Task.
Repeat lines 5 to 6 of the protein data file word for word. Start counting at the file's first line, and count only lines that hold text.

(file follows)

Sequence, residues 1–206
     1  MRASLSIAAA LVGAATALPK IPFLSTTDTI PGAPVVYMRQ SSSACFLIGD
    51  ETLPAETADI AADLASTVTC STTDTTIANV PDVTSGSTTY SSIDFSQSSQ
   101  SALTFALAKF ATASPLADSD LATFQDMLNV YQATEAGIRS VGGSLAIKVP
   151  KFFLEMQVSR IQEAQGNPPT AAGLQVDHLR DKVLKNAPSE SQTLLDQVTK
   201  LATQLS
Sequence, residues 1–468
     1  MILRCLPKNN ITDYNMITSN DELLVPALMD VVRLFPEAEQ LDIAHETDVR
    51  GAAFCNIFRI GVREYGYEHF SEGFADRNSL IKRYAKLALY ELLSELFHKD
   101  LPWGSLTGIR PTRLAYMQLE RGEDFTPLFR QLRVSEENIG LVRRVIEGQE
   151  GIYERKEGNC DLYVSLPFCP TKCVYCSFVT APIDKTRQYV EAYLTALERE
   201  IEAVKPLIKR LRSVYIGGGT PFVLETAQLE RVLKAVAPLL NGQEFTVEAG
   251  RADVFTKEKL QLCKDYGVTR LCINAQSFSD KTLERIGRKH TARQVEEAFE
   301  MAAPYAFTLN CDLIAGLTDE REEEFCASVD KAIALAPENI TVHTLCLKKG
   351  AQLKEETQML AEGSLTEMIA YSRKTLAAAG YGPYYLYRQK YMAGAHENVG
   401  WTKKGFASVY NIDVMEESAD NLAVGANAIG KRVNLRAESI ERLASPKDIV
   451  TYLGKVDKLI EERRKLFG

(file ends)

   151  KFFLEMQVSR IQEAQGNPPT AAGLQVDHLR DKVLKNAPSE SQTLLDQVTK
   201  LATQLS